We stood there, shivering, my brother and I, hopping from one foot to the other in the slushy snow mix, tears seared to our faces in the ten-degree wind.  She flipped the lights out after a minute, so we’d be unseen in the dark by any neighbors chancing to plow their driveways that night.  We huddled together and sat in the corner on the old park bench, and flinched at the sounds of the bolt being driven on the garage door, our last hope at getting back in.  She’d been kind, she’d sneered, and left us with more than we’d come in with. In this respect, I’d fared better than my brother, who was turning blue in his Scooby-Doo Underoos; I’d been allowed the little girls’ undershirt that matched my rosebud panties, but it hid little of the shame, and protected from none of the cold, so we wept.  Two tiny figures in a fucked up snowglobe scene.

When he came home later that week, and I told him all about it, it was the first time I’d hear the words, and the last time I’d be young:  “You’ve got to give her a break, she’s going through a tough time right now….”

It was there, in that instant, that I grew up, that I understood: the only safety I’d know would be that of my own creation.  From that point on, it was my responsibility to maintain the delicate balance of her moods.  To clean just-so and speak just-so and look just-so; limping along after an ever-wavering ideal.

Over the years, I’d bear the brunt of her rages.  They’d burst out of nowhere and manifest in physical furies and verbal harangues.  Each time, he would listen patiently and ask that I extend more grace.  And I would.  The inside of my head was a cruel joke; a jaded, scarred adult with a child’s measureless capacity to forgive.  I took it all inside of me and made it mine.  I strove each day for that perfect dive that created no splash.  Looked in the mirror with her eyes and appraised all the ways I was wanting, inferior.  Who wouldn’t feel rage when faced with the disappointing rag of a girl destined to be a fat and inadequate hook to hang dreams on?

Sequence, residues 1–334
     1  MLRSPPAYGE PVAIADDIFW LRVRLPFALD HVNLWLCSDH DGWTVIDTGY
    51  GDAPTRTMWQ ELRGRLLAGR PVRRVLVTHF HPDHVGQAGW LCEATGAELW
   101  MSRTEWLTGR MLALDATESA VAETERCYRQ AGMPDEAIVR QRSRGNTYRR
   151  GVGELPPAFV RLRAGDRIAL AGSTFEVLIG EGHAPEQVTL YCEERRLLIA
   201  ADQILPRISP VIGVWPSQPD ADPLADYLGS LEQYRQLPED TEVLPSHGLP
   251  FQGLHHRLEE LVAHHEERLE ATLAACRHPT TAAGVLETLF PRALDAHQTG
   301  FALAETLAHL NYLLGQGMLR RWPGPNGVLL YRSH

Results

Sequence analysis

These days, it’s all Old Hat.  I’ve been an adult for so long, that I have trouble remembering the child.  She pokes her head out every so often and giggles, a bubbly release of tension and pressure.  But mostly I apprehend and plan and scrutinize and suffer a vague anxiety for the demise of the whole house of cards.  Still worried that my efforts fall short, that they’ll never earn kind words and love from her lips.  An adult in responsibility and a foolish child for recognition.


8 thoughts on “Some Days I Sit And Wish I Was A Kid Again

  1. I’m sorry, Jennifer. That sounds awful and I’m sorry you had to endure that! I hope you know just how striking your writing is, how it hits the soul. I hope you hold on tight to that bit of child in you though and protect her – allow her freedom to be. You deserve that. Give her light to shine.

  2. This sounds so familiar to me. I still feel inferior, still feel unworthy, still feel kind of useless. Still feel rudderless, still fake it sometimes.

    Your courage in writing this is impressive and quite moving.

  3. This breaks my heart. It makes me question whether I love my own kids hard enough, and wish that I could huddle those little kids on the bench up under a warm quilt and just squeeze and squeeze.

    What fuck-ups parents can be.

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